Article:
Starting from Disney animations we watch as young children telling us that “if you believed in yourself, you can achieve anything”, we are bombarded with the message that individuals, and they alone, are responsible for what they get in their lives. This is what I call the L’Oreal principle – if some people are paid tens of millions of pounds a year, it must be because they’re “worth it”; if others are poor, it must be because they are either not good enough or not trying hard enough.

Ha-Joon Chang is a Senior Research Associate with the Center for Economic and Policy Research.

This article originally appeared in the Guardian.

Now, it is politically difficult to criticize the poor for their incompetence, so the attack is focused on the mythical lazy slob, who has no moral leg to stand on. But then the end result is the dismantling of a whole set of policies and institutions that help all poor people in the name of punishing the lazy.

The beauty of this worldview – for those who disproportionately benefit from the current system – is that, by reducing everything down to individuals, it draws people’s attention away from the structural causes of poverty and inequality.

It is well known that poor childhood nutrition, lack of learning stimulus at deprived homes, and sub-par schools restrict capability developments of poor children, diminishing their future prospects. When they grow up, they have to contend with all sorts of prejudices that constantly discourage and deflate them, especially if they have the wrong gender or the wrong skin colour.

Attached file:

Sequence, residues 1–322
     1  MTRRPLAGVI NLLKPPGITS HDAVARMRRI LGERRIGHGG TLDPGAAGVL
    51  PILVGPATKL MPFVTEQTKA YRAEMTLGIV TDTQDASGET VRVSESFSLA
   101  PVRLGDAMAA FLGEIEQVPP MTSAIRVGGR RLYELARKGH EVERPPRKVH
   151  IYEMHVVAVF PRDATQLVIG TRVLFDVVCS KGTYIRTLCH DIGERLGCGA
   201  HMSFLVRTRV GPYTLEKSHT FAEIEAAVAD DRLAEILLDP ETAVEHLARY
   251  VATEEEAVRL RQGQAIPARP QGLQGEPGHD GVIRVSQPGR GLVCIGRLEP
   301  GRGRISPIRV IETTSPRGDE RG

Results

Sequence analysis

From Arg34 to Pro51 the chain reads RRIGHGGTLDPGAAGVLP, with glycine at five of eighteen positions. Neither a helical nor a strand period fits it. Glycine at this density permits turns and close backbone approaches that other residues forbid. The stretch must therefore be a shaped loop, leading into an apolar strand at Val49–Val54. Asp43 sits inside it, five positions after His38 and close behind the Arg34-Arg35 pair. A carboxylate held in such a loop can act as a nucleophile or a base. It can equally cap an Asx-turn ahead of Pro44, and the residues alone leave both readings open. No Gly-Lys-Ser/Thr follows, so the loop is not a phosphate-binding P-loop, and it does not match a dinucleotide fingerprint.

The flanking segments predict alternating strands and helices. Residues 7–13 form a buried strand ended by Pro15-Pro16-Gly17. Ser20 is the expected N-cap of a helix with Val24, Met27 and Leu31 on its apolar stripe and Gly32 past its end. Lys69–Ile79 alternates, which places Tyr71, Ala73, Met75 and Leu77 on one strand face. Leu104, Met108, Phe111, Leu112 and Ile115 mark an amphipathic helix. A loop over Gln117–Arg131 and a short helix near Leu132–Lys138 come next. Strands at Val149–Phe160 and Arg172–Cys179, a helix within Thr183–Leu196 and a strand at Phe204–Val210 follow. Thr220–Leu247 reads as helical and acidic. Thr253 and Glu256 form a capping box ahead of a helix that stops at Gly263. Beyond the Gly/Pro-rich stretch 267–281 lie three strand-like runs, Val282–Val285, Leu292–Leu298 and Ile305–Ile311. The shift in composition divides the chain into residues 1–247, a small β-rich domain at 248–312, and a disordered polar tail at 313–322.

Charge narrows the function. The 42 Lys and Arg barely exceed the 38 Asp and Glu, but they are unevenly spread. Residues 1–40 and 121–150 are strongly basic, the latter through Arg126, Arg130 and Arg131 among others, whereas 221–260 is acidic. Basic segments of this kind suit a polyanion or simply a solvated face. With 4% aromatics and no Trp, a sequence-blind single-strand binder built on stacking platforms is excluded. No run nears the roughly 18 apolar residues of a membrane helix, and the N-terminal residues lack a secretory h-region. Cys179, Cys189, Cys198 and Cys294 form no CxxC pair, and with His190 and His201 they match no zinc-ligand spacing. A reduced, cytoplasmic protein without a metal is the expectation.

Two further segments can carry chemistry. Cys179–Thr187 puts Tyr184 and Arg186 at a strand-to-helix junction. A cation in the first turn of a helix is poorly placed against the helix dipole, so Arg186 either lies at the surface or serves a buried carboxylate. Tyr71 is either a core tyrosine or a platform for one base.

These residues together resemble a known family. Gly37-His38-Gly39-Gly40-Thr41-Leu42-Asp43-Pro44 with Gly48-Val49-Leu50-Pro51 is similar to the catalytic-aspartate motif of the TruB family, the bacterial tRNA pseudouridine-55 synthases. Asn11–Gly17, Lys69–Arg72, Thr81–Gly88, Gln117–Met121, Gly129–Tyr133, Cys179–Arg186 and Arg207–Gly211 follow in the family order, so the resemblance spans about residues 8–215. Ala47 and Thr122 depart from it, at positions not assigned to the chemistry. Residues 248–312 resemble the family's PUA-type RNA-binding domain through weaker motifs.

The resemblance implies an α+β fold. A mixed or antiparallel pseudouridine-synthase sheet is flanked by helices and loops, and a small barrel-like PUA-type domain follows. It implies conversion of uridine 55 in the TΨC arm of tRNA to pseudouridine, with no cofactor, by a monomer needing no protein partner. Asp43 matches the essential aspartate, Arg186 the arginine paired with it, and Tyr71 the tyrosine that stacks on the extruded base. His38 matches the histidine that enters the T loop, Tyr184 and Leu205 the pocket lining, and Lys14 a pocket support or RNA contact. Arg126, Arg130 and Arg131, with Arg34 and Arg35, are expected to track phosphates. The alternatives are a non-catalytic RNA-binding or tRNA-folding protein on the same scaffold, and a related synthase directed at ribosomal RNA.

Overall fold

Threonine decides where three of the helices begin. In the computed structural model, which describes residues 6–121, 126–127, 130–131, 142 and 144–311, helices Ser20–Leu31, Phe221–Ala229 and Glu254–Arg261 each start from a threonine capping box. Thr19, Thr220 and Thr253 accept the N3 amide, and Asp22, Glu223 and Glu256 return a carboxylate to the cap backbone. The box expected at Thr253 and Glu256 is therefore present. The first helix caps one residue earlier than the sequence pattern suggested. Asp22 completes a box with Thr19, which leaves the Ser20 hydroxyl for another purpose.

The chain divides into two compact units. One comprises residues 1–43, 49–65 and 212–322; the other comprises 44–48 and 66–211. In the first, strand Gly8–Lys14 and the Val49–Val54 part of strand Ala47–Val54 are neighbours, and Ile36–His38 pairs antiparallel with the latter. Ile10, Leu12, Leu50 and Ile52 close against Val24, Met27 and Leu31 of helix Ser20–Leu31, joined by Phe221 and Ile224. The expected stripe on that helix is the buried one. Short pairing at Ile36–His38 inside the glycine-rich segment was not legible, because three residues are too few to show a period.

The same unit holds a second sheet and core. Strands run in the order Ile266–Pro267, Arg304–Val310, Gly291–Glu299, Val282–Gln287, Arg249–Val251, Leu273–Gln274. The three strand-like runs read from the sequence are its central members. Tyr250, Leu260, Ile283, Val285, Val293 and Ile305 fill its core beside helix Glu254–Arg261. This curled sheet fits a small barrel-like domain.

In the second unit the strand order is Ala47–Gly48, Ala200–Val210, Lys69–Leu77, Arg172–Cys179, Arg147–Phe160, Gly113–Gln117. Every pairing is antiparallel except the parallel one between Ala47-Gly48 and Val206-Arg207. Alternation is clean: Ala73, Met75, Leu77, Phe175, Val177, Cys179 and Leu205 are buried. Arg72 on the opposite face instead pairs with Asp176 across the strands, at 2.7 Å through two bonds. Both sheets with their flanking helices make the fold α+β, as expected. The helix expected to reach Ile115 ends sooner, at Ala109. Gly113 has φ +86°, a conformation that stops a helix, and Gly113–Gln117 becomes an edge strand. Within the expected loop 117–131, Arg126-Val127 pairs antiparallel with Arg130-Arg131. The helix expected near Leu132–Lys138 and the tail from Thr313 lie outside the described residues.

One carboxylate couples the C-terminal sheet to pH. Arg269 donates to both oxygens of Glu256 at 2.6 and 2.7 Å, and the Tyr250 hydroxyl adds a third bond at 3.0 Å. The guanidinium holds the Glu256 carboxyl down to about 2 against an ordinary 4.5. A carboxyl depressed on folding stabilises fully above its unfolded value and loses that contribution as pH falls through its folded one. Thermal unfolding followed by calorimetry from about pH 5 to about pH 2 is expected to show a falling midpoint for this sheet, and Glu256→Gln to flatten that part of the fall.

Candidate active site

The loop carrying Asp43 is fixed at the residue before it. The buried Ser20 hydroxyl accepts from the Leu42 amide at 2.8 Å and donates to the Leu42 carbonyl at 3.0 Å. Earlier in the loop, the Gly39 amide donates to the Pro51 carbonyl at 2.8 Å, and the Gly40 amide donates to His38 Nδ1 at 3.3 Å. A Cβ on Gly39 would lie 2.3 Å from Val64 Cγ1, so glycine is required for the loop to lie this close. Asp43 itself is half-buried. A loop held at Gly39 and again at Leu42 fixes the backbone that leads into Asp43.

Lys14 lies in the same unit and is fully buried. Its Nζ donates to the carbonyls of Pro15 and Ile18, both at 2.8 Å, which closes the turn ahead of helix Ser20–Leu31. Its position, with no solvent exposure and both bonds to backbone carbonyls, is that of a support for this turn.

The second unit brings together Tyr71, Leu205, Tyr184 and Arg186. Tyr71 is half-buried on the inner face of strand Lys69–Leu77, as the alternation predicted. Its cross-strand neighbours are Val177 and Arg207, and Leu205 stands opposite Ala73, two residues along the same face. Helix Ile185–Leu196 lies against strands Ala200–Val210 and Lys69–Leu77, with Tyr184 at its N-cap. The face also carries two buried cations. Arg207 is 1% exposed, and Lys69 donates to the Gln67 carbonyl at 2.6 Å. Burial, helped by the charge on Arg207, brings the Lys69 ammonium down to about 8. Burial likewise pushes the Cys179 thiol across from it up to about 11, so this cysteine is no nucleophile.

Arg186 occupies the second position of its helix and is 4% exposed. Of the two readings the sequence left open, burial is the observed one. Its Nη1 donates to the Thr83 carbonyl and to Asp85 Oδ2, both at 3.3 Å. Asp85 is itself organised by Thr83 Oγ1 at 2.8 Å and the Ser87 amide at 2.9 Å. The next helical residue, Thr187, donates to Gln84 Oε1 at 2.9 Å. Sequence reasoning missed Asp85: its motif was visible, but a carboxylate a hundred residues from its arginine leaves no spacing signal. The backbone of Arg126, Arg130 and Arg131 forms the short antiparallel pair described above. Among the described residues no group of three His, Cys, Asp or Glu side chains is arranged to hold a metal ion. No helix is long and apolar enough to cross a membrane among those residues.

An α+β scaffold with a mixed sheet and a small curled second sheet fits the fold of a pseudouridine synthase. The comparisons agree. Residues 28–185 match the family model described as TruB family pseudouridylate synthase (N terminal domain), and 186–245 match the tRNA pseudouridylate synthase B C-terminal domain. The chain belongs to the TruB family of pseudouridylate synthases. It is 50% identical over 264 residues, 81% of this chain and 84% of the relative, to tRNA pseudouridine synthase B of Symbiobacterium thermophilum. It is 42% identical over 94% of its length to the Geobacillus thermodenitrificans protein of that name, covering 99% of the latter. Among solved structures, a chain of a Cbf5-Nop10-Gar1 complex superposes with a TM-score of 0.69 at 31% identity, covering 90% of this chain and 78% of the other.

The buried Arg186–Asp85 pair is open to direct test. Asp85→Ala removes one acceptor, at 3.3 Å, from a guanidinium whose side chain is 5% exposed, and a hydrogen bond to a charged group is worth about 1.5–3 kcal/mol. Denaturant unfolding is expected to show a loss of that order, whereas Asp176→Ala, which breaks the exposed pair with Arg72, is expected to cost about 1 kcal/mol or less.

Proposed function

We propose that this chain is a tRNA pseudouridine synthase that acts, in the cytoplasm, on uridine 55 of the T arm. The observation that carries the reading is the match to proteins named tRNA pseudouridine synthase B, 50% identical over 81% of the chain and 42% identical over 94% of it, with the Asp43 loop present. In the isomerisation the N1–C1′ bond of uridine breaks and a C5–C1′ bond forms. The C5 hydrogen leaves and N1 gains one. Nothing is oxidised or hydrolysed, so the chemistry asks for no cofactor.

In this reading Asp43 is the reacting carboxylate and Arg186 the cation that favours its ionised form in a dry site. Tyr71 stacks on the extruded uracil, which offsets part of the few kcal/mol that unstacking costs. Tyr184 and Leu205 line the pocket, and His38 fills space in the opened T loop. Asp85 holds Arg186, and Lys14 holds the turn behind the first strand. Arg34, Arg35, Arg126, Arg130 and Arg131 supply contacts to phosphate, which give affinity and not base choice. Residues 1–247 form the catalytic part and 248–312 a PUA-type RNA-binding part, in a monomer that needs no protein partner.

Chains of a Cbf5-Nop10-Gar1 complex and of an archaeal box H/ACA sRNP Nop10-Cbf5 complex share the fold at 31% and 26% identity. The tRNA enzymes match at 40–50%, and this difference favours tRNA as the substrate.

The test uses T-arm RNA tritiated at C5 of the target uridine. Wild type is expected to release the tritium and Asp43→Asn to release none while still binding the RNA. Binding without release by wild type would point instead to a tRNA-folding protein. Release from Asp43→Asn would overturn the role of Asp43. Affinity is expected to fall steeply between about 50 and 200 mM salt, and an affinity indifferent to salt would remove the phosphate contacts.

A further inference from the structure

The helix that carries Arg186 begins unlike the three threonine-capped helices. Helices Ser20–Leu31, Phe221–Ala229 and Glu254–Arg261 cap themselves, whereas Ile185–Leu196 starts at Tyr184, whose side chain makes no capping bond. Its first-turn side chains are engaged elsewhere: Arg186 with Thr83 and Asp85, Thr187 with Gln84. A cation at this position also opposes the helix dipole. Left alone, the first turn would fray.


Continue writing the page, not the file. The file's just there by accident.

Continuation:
With these sandbags on their legs, the poor find it difficult to win the race even in the fairest market. Markets are frequently rigged in favour of the rich, as we have seen from a series of recent scandals surrounding deliberate mis-selling of financial products, lies told to the regulators, to the rigging of the Libor rate.

More importantly, money gives the super-rich the power even to rewrite the basic rules of the game by – let’s not mince our words – buying up politicians and political offices (think of all those former banker-turned-U.S. treasury secretaries). Many deregulations of the financial and the labor market, as well as tax cuts for the rich, in the last three decades are results of such money politics.

By turning the debate into a morality tale of laziness, the rich and powerful can divert people’s attention away from all of these structural problems that create more poverty and inequality than is necessary.

All of this is not to say that individual talents and efforts should not be rewarded. Attempts to completely suppress them can create societies that are ostensibly equal but fundamentally unfair, as in the former socialist countries.

However, it is vital to recognise that poverty and inequality also have structural causes and start a real debate on how to change those things. Ridding the debate of the pernicious and baseless myth of the lazy mob is an important first step in that direction.

More articles by: